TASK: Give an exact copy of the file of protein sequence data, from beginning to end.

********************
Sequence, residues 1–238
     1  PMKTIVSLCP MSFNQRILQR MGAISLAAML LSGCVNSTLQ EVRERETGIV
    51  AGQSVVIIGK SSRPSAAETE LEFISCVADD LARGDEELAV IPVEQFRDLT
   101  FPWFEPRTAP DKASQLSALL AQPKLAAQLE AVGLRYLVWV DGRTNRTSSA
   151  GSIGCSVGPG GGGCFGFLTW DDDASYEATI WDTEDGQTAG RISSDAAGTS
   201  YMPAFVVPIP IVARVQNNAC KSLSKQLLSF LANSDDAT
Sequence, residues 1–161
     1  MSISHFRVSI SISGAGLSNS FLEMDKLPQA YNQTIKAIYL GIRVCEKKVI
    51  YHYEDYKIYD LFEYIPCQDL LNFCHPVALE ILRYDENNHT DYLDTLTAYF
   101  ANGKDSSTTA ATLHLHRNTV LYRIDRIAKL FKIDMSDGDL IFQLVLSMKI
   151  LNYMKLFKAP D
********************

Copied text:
Sequence, residues 1–238
     1  PMKTIVSLCP MSFNQRILQR MGAISLAAML LSGCVNSTLQ EVRERETGIV
    51  AGQSVVIIGK SSRPSAAETE LEFISCVADD LARGDEELAV IPVEQFRDLT
   101  FPWFEPRTAP DKASQLSALL AQPKLAAQLE AVGLRYLVWV DGRTNRTSSA
   151  GSIGCSVGPG GGGCFGFLTW DDDASYEATI WDTEDGQTAG RISSDAAGTS
   201  YMPAFVVPIP IVARVQNNAC KSLSKQLLSF LANSDDAT
Sequence, residues 1–161
     1  MSISHFRVSI SISGAGLSNS FLEMDKLPQA YNQTIKAIYL GIRVCEKKVI
    51  YHYEDYKIYD LFEYIPCQDL LNFCHPVALE ILRYDENNHT DYLDTLTAYF
   101  ANGKDSSTTA ATLHLHRNTV LYRIDRIAKL FKIDMSDGDL IFQLVLSMKI
   151  LNYMKLFKAP D